Maria I hope you are as lucky and happy with your choice as I have been with my dog, Honey. She was dumped in our yard not even knowing how to eat. I taught her and then she got ill and she recovered. My now ex mother in law cancelled my home owners insurance and I am now divorced but Honey is the most loving and gentle animal I could ever ask for. I do allow her on the furniture –mainly my bed–but she will not get there until the lights go out or I specifically tell her it is okay. At two years old she loves me when I do get the walks in daily but is not destructive if I don’t. She can play soccer with a rawhide bone until my laughing gets her attention. She will throw a tennis ball up in the air and play catch with herself.

    I have two kids now 14 and 18 and we have kids in and out of my house constantly she has never hurt anyone. I do struggle with her jumping up on them they allow it unless I am around. I do have to stay vigilant on this rule because my mom is 80. She has never been a digger or an escape artist from my fence so that was something new for me to see.

    She is kenneled trained and has also been around a 12 pound older male dog and a 6 pound cat and never any problems. I am incredibly blessed with my dog. She is 65+ pounds of love who wants to please.

  4. Avatar rhonna says:

    I used to be one of the worst ones about saying the only good pit is a dead one. That wad until my fiance talked me into one. Now I say its the only breed I want!!! I have two pits and a shihtzu in my house and the one that gets in trouble for being mean is the shihtzu. I had to bottle feed kittens and my female pit would clean them for me. The only dangerous thing about my pits are their tails! I love my dogs and they are the sweetest breed of dog I have ever owned.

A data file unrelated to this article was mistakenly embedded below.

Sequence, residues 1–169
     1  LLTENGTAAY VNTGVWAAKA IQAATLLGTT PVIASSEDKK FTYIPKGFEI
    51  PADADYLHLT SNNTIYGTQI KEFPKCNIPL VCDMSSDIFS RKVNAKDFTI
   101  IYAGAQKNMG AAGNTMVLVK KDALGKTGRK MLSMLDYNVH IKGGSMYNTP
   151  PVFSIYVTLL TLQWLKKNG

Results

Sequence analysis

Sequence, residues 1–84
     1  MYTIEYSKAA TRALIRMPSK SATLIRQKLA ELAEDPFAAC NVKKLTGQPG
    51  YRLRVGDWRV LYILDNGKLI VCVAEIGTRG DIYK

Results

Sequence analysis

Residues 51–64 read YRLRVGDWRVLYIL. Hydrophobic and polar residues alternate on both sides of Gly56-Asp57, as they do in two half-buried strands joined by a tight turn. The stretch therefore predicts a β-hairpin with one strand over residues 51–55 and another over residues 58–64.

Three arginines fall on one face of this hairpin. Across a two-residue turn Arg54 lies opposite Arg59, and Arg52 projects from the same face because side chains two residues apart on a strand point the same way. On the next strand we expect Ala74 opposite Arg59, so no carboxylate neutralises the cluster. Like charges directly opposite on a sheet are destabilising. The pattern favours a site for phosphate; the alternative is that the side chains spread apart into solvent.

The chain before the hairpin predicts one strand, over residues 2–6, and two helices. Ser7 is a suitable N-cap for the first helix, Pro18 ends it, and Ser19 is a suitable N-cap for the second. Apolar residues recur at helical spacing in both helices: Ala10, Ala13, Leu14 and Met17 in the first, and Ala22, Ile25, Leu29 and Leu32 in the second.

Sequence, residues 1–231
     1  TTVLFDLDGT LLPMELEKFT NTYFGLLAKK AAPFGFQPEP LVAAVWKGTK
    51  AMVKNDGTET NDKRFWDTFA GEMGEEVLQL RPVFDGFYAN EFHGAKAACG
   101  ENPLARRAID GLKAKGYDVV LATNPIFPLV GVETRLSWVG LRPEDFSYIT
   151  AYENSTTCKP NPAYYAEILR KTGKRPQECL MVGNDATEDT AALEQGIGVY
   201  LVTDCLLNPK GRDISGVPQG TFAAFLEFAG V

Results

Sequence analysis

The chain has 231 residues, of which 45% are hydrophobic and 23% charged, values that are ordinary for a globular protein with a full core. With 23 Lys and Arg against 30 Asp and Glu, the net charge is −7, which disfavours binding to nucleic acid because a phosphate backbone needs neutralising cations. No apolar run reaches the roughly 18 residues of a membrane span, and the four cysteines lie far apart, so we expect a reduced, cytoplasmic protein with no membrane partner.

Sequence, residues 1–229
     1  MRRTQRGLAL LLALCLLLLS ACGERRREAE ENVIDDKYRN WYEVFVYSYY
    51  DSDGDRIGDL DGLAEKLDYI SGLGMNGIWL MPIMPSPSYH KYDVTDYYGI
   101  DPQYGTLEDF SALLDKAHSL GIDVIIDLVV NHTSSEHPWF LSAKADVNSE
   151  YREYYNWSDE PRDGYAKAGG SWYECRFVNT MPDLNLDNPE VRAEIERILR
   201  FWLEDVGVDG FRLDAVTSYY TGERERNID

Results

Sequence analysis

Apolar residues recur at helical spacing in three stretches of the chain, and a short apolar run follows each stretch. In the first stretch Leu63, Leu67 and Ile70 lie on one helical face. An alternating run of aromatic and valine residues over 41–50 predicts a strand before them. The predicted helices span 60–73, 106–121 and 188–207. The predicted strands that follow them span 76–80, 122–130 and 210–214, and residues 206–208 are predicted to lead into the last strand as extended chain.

5. Avatar Gila says:

    The owner of the pitbull is the biggest thing!
    I also have a pitbull and he is the most loving dog ! He was easily trained and listens very well. He gets along excellent with my Chiwachaua* he is excellent around kids and other people. loves to meet new dogs and is very playful! If your going to have any kind of dog and not pay attention to it then yes you well have a bad tempered dog! people give pitbulls such a bad rep… but until you have had the chance to own one and trian them properly, dont give them a bad name! they are one of the best dogs you can own and as long as you train and treat them right they well be your best friend.